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Short-term solutions

The chief executives at Alberta’s biggest energy companies are here for a good time, not a long time

Apr 10, 2014

The chief executives at Alberta’s biggest energy companies are here for a good time, not a long time. At least that’s what Christopher Chen, an expert on executive compensation with Hay Group, sees when he looks at the sector. According to the Hay Group’s data, since 2009 energy companies listed on the TSX 60 have endured 17 changes at the top, the most of any sector in Canada. “The information about average CEO tenure [for the energy industry] is sort of shocking,” Chen says.

“If you’re not showing returns, boards are not as hesitant as they used to be to make a change at the very top.”

But what’s driving it? Simple demographics is part of it, as baby boomers approach and enter retirement, but “a lot of what’s been happening is that because shareholders are just so much more demanding – in terms of trying to get profits and trying to get returns on their investments – that their patience level is lower than it ever has been,” Chen says. “There’s a need to show returns, quickly, and if you’re not, boards are not as hesitant as they used to be to make a change at the very top.”

The growing influence of activist investor groups and pension funds also isn’t making it easy for underperforming CEOs to execute a longer-term game plan. “A lot of these institutional investors have banded together and formed their own policy arms, which explain to the market what they want to see,” Chen says. “If you don’t meet those requirements, or manage your organization the way they think is best, they’ll vote with their feet.” In other words, if you’re a company looking to execute a plan that extends beyond the next quarter, you might want to stay away from the public markets.

One Of A Kind

The energy sector’s executive boardrooms are dominated by white men. The average percentage of women on their boards is just 15 per cent, while just four per cent are visible minorities. Both figures are well below equally underwhelming averages for the TSX 60 as a whole. “It’s slow in coming,” Chen says of board-level diversity. “When we go to all of these committee meetings, it’s still a fairly homogenous group.”It’s also questionable whether or not Alberta’s energy companies are interested in improving the situation.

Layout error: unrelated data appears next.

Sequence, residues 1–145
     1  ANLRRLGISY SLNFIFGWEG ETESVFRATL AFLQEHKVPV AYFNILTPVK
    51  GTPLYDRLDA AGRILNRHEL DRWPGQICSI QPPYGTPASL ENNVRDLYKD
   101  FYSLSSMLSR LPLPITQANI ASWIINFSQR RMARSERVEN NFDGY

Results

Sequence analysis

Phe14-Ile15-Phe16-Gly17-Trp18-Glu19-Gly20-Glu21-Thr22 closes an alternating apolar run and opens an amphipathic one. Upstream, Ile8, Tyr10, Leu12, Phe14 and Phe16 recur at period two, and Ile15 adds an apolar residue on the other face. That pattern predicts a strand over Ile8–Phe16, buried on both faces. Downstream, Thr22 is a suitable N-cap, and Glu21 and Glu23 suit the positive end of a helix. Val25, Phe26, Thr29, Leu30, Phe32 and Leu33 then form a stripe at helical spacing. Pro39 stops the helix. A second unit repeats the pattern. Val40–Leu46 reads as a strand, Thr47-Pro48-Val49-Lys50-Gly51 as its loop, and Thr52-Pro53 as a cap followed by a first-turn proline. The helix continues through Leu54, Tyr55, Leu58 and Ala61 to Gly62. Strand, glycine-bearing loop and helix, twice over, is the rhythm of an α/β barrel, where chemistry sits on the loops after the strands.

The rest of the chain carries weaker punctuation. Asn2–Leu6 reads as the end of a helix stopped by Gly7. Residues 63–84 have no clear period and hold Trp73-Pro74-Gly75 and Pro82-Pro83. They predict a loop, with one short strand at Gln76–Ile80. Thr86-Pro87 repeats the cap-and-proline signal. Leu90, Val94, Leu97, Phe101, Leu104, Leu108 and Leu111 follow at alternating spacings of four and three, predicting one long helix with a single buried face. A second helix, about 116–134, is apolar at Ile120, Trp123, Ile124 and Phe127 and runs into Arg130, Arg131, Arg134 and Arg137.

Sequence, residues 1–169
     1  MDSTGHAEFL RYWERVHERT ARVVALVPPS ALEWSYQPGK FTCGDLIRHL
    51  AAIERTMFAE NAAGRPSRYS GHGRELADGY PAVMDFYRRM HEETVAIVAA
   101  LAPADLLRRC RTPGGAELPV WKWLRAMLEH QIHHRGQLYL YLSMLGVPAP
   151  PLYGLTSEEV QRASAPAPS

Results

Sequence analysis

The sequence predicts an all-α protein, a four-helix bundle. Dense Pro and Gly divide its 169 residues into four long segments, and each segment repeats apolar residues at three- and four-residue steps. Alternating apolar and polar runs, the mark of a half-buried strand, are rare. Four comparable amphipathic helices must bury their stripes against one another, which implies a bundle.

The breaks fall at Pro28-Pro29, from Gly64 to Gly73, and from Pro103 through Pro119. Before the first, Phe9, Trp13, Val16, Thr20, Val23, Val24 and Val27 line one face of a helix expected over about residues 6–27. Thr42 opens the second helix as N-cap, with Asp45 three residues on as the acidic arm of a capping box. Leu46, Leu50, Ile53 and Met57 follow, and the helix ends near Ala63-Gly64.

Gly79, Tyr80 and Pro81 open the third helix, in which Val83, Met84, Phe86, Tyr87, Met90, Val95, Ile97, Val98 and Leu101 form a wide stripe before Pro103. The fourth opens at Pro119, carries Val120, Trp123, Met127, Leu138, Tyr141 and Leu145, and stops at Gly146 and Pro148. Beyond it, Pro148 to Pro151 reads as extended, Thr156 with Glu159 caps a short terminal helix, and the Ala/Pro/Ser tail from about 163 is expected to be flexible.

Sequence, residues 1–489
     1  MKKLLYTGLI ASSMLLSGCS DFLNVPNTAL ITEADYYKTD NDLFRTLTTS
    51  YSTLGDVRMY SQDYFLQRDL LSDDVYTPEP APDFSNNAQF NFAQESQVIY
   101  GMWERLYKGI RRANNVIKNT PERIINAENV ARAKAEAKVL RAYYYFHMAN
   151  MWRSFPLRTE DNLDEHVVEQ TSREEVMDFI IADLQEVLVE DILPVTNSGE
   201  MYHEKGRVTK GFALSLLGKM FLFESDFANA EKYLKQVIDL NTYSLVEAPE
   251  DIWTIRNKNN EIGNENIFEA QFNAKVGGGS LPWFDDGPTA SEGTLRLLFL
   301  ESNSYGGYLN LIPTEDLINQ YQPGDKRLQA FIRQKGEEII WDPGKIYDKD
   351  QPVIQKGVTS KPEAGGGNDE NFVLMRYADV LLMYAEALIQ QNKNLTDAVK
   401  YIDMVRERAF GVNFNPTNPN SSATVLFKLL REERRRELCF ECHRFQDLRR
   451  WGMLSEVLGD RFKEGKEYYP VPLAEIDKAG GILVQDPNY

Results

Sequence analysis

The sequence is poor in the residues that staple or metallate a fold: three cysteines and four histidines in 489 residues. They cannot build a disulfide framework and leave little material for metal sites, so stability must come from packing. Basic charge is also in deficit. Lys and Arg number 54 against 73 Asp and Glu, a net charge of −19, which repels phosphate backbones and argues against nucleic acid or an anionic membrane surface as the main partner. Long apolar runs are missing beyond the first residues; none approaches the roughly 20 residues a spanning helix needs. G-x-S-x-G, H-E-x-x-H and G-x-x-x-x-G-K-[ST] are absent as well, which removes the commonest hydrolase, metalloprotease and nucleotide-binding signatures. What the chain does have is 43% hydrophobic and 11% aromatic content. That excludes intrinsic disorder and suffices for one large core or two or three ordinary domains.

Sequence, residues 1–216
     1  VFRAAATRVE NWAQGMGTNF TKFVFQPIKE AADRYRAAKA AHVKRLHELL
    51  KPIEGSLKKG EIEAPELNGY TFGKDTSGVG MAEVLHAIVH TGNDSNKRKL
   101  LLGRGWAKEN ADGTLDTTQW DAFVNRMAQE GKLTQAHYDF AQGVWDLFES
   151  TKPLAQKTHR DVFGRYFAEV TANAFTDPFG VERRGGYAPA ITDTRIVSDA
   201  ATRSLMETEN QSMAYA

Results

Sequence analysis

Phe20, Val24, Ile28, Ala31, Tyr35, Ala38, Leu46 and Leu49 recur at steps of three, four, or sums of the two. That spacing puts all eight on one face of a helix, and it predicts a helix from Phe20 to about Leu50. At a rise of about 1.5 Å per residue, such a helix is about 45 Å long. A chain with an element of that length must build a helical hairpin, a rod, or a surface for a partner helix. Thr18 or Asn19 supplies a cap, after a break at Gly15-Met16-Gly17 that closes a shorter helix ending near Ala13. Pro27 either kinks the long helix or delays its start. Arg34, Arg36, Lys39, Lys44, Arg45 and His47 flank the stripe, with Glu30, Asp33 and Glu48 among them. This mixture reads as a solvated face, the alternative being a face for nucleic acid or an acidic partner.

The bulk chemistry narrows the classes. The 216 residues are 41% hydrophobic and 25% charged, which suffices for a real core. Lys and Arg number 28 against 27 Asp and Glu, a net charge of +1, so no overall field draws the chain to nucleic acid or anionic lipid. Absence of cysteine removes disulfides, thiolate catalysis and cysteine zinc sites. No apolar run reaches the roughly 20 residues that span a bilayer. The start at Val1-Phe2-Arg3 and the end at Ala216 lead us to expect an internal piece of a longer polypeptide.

Every year, the Hay Group surveys corporate secretaries across Canada – in 2013, it talked to more than 100 of them. The survey asks what a company’s priorities are for recruiting new board members. Only 25 per cent said that they had, or were planning to implement, a board-diversity policy. And when asked to rank the top four criteria when adding new directors, guess how many ranked gender or racial diversity? Zero.Thing is, energy companies should probably think about that disinterest. As a 2012 McKinsey & Company report noted, there is a direct correlation between board diversity and financial performance. Among companies ranking in the top quartile of executive-board diversity, it found that return on equity was 53 per cent higher than in companies in the bottom diversity quartile, while EBIT margins were 14 per cent higher.


Last Man Standing

Among energy companies listed on the TSX 60, only Crescent Point Energy has kept its CEO throughout the five-year window that the Hay Group used for its analysis. Indeed, Scott Saxberg has been around since 2003. That’s practically an eternity in his sector.


Honourable Mention

Asim Ghosh, who was appointed CEO of Husky Energy in June 2010, and Russ Girling, who took over as CEO of TransCanada a month later, are the second and third longest-tenured CEOs in the patch’s TSX 60 companies.


Nice Knowing You

At the other end of the scale is Murray Nunns, former CEO of Penn West Energy. He took over from Bill Andrew on August 10, 2011 and was replaced less than two years later by David Roberts.


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